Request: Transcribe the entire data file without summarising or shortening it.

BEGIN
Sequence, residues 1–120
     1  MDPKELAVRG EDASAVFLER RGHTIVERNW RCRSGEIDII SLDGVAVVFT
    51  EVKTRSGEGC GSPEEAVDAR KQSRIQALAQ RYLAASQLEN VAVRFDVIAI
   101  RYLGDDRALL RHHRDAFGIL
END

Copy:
Sequence, residues 1–120
     1  MDPKELAVRG EDASAVFLER RGHTIVERNW RCRSGEIDII SLDGVAVVFT
    51  EVKTRSGEGC GSPEEAVDAR KQSRIQALAQ RYLAASQLEN VAVRFDVIAI
   101  RYLGDDRALL RHHRDAFGIL